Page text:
Did you know that Jesus Christ was one of the most judgmental people ever, maybe even the most?


That’s right. You heard me right.

Mostly, Jesus is framed as gentle, mild, and somewhat permissive–as if we are all imperfect and my ‘buddy’ Jesus understands and doesn’t care about my shortfalls and misgivings. That also seems to give Jesus a willfully ignorant personal. But that is not entirely accurate.

This comes into play when someone makes a ‘mistake’, does something that is destructive, gets caught doing something wrong, perhaps engages in behavior that is borderline, or even displays something that is not a social norm. Often people who are (and aren’t) Christians will invoke this image of Jesus while challenging back with, “Don’t judge me! Jesus doesn’t.”

This generally happens when someone involved in the situation is (or claims to be) a Christian. What they/we (because we’ve all said it) are really saying is, “Leave me alone. You’re making me uncomfortable by making me think about my actions.” This is particularly popular to say in the context of cussing, smoking, excessive drinking (and drug experimentation), extramarital sex, and even hot-button topics like abortion and homosexuality.

Most of the time, the story of Jesus being asked to judge the woman caught in adultery is referenced as the rule (the gospel of John, chapter 8).

If you don’t know the story, the religious people in a specific town tried to entrap Jesus so they could find a reason to kill him. What they did was trick a woman into commit adultery, caught her in the act, and brought her to the town square to stone her (of course, the first question is, where was the guy?). In his brilliance, Jesus answers the religious people with, “Let he who is without sin cast the first stone.” With that, they all dropped their rocks and split.

But did you know Jesus judged the woman after all that? That’s right. The last words Jesus said to her was, “Go and sin no more.”


How terrible! How dare Jesus judge her actions after all that. How could Jesus be so insensitive and offensive. Didn’t he know that might damage her self-esteem and feed her depression?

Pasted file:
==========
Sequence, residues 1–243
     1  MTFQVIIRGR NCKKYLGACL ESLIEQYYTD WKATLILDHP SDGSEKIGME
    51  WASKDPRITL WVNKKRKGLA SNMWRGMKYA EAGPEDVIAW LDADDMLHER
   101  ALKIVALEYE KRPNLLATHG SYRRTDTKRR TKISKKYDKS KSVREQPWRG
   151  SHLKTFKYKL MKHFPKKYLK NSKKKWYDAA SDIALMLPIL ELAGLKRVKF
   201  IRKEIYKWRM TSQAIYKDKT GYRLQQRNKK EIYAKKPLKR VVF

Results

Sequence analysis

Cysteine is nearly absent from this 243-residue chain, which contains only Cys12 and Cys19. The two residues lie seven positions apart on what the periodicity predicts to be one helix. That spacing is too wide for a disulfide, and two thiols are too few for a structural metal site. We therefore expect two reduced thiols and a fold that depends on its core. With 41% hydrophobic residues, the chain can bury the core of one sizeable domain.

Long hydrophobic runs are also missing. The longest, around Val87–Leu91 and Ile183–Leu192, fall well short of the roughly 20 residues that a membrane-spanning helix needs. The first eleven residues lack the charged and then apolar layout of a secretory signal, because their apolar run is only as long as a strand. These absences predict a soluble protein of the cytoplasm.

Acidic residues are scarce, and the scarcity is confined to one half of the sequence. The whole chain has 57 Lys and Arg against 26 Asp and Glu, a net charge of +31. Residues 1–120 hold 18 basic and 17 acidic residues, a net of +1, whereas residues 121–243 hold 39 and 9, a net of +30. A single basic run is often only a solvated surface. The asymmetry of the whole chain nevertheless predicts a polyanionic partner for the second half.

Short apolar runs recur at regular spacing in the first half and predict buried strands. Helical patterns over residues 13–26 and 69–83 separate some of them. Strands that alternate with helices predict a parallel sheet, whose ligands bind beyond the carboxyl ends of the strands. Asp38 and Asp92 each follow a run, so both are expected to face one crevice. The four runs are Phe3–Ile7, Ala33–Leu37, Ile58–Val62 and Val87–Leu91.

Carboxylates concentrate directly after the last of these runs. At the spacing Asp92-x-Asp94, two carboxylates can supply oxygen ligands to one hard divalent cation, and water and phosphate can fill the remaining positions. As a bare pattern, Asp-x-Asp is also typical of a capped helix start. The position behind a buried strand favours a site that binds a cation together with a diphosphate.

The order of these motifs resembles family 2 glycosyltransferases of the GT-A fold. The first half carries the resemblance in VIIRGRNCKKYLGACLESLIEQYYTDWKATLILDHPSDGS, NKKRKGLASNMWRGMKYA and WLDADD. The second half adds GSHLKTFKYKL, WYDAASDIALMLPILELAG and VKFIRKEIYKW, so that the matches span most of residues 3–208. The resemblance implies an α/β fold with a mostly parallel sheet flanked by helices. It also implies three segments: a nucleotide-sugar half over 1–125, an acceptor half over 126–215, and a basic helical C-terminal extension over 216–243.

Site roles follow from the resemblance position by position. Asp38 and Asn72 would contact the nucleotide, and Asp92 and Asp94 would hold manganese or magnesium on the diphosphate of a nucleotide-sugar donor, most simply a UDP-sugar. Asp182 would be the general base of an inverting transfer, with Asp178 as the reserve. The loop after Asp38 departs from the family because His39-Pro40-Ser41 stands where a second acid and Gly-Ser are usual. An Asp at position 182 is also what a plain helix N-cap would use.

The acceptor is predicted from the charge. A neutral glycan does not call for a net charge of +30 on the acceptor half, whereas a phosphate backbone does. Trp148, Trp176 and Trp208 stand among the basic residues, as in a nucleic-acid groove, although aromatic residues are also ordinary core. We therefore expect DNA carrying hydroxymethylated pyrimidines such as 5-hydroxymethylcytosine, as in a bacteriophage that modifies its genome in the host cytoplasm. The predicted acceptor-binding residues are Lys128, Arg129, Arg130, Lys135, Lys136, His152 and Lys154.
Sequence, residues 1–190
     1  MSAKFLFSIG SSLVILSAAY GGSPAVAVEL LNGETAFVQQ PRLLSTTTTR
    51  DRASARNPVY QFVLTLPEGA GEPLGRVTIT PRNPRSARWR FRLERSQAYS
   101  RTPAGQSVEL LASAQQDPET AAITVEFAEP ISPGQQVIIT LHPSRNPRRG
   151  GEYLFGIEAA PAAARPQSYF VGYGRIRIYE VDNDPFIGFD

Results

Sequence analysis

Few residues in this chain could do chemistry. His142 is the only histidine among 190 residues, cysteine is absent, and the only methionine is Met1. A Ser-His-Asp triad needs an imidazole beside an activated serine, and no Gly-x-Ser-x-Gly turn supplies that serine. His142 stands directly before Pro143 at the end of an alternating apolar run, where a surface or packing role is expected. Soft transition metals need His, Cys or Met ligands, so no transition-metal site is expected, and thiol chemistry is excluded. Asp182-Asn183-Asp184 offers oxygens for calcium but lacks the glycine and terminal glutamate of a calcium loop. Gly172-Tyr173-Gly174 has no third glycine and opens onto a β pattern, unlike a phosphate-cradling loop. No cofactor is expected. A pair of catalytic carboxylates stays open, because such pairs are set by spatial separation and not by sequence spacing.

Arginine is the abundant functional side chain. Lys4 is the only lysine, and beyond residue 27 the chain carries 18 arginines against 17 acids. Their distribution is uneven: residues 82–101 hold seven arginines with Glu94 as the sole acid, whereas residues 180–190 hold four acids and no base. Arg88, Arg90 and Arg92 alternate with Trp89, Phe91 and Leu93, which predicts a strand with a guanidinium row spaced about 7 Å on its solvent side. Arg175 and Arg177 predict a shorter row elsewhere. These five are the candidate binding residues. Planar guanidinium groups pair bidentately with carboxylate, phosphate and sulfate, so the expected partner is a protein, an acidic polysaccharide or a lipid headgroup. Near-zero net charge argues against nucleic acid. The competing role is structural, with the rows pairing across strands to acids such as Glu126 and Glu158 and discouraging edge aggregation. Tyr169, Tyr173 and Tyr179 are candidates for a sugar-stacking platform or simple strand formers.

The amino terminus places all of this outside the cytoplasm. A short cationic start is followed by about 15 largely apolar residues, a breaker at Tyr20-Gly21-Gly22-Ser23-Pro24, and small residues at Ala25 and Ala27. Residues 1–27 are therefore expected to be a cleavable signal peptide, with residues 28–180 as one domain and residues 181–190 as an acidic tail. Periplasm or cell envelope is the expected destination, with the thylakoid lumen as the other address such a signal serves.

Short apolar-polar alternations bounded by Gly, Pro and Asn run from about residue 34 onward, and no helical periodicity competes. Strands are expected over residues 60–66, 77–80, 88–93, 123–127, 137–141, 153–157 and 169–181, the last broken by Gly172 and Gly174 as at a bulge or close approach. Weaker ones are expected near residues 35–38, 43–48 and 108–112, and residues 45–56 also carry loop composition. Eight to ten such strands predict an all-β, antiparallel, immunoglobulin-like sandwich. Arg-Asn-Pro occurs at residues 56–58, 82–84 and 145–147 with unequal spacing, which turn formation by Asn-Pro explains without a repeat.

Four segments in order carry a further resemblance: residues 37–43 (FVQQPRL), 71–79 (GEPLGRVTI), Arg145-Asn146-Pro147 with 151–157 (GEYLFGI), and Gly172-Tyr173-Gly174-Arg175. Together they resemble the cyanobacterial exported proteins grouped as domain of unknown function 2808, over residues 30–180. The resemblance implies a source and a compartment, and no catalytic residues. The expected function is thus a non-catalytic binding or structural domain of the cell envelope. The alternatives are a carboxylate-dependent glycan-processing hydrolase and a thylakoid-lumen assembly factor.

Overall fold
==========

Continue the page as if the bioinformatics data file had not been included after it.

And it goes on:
So what’s the point of the story?

Jesus had a real problem with people claiming to represent God, while misrepresenting Him at the same time. This broke peoples connection with God and skewed their view of Him. And didn’t Jesus come to teach people how much God loved them?

Be sure though, God (and Jesus) still took (and takes) actions (and sin) seriously. It’s still important. Justice matters, but not under the umbrella of hypocrisy. There can be no true justice where there is no truth (in fact, those are lyrics i once wrote while in Strongarm).

To take matters a step further, when we die, it is Jesus who will judge every action of every person and issue rewards (and punishment) accordingly (Revelation 20).

This makes Jesus the most judgmental person ever.

Why do I say this? Because actions matter. And if you claim to be a follower, and therefore a representative, of Jesus, then your actions really matter and can be commented on.

Uncomfortable isn’t it?

And if you are not a Christian, well then that’s another story. Actions still matter, but in a different way. I suppose I draw the line of commenting on your actions at: Are you breaking the law? Are you asking my opinion? Do we have a relationship? Are you going to hurt me or someone I love with your actions? Overall, I mind my own business unless the above conditions are met (as a concerned citizen or friend, etc.). But I suppose this is another conversation…

Actions matter. And sometimes we need to comment and discuss (or even judge) them. But perhaps we can do it with the gentleness that Jesus did when he was talking to the woman caught in adultery.

Make no mistake, Jesus was judgmental. He just judged in a way that was saturated in love and compassion.